The dissenters’ views proved prophetic. They said that the “basic doctor would not willingly fit into the rural scheme.” India’s six decades of chronic shortages of doctors in the rural areas are grim testimony to this fact. They argued that “while a majority on the committee can abolish the licentiate, they cannot prevent other practitioners, practising a variety of systems of medicine, taking his place.” Time has proved this also to be a prescient observation. Studies show that since Independence and even today, much of health care at first contact in rural India is delivered not by qualified doctors but by informally trained and unlicensed private practitioners.

What happened to the highly trained basic doctor of the future?

The Bhore Committee estimated that around 15,000 doctors would be needed in the scheme in the first five years, and around 30,000 over 10 years. As the number of medical colleges roughly doubled during this period (from 19 in 1946 to 42 in 1956) it can be estimated that the number of graduates also doubled.

It is difficult to obtain exact data on how many graduates entered the health system over 10 years, but almost all of India’s Five-Year Plans and national health policies since 1947 have lamented the shortage of doctors in the rural areas.

What is definitely known is that around 10 years later, in the early 1960s, nearly 18,000 graduate doctors from the Indian sub-continent migrated to the U.K. in response to Health Minister Enoch Powell’s call to save the U.K.’s rapidly expanding National Health Service (NHS) from a staffing crisis. In November 2003, a BBC documentary “From the Raj to the Rhondda: How Asian Doctors Saved the NHS,” acknowledged the contributions of doctors from the Indian sub-continent to Britain’s most deprived areas, where no British doctor was willing to go.

Even today, the second largest proportion of doctors registered with the U.K.’s General Medical Council, by country of qualification, is from India: they number 25,720, or 11 per cent of the total. India also provides the largest pool of international medical graduates to the U.S.

Turf protection

Medical historians point out that the Indian doctors who collaborated with colonial rule were the ones who stepped into positions of power after 1947. Their socialisation into the western model meant that the “development of medical practice in India did not follow the pattern that was being advocated for developing countries at the time. Indian degrees were quite suitable for working in England, but probably totally irrelevant for working to the benefit of the vast majority of the Indian population.” (Professor Aneez Esmail, 2007)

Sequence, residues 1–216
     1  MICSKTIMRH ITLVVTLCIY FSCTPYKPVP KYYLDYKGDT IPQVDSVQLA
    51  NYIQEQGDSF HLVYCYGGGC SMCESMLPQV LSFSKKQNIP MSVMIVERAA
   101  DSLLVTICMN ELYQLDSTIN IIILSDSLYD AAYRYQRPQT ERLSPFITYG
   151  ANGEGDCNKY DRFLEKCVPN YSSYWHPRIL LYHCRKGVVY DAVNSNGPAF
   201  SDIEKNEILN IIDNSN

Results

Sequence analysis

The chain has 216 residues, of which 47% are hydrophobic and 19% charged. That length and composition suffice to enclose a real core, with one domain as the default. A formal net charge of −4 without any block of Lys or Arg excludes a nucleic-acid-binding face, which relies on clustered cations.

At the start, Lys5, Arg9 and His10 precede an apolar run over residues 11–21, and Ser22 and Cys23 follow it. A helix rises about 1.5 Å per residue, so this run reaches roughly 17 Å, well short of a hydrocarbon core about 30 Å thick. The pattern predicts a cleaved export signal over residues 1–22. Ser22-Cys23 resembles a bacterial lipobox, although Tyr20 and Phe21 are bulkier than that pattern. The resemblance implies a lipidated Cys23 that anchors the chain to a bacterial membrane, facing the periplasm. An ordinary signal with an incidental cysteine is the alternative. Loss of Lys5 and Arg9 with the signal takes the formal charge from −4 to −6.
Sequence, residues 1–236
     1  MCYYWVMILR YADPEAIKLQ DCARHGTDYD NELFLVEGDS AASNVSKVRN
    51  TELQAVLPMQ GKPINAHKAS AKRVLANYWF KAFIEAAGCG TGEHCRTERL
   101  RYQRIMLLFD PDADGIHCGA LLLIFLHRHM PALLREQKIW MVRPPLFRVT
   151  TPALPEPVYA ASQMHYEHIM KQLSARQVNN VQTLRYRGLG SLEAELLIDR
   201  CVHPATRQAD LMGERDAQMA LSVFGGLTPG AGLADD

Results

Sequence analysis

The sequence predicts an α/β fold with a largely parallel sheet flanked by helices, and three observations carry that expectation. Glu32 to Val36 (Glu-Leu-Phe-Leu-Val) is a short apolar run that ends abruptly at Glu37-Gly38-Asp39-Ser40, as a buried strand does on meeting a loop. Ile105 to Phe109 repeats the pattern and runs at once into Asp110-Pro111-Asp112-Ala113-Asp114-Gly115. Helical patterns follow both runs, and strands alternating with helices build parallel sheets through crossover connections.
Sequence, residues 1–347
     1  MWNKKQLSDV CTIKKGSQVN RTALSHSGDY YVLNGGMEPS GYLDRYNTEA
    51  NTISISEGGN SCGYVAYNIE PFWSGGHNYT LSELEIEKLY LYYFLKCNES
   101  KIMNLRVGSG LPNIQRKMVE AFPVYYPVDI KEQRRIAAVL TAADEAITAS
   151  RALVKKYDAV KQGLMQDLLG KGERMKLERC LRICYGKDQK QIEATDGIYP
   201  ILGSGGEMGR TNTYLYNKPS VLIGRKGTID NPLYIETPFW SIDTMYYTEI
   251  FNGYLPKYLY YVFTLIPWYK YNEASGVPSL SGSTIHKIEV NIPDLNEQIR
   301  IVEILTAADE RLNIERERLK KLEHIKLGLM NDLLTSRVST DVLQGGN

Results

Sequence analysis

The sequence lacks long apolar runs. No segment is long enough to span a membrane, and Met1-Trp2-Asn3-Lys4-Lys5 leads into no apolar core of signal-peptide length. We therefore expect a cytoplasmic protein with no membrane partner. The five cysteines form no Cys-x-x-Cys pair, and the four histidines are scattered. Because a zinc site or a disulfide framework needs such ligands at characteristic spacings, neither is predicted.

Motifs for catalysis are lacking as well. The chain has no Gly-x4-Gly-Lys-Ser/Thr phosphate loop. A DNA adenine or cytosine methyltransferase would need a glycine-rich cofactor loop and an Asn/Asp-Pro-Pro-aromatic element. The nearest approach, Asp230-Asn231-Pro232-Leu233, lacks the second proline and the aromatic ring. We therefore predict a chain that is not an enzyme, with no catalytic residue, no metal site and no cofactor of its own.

Ironically, even less-trained providers can efficiently deliver primary care. However, efforts to revive a Licentiate type of cadre, as recommended by the National Health Policy 2002 and outlined by a Task Force on Medical Education in 2007, have been non-starters. This is due to resistance from a section of the country’s medical fraternity which carries a turf protection mindset, supported by obstructive legislation contained in the Indian Medical Council Act of 1956.

An alternative

In view of the obvious deficiencies in India’s overall rural infrastructure, it is unlikely that the rural areas will have a sufficient number of doctors over the next several decades. Thus, the solution to India’s doctor shortages does not lie in building more medical colleges. A better alternative would be to draw from other countries’ experiences of developing mid-level practitioners: Clinical Officers and Medical Assistants in Africa, Physician Assistants in the U.S., Nurse Practitioners in Canada, and the rural doctors in China who number more than a million. These cadres are typically trained for three years and empowered to provide clinical services. Studies so far suggest that their performance and outcomes are in no way inferior to that of doctors trained for longer periods.

In the short term, India must also upgrade the skills of existing unlicensed rural practitioners and empower government nurses and pharmacists to take on additional tasks. An alternative to the IMC Act is the Drugs and Cosmetics Act that empowers States to recognise practitioners other than MBBS-holders to provide a limited range of medical care services. Chhattisgarh has invoked this power to create a three-year diploma course for Practitioners of Modern and Holistic Medicine.

(Meenakshi Gautham, PhD, is a public health specialist (;K. M. Shyamprasad, M.Ch., FRCS, is a former vice president of the National Board of Examinations, MoHFW, India ( Legal inputs have been received from Indira Unninayar, Supreme Court Advocate.)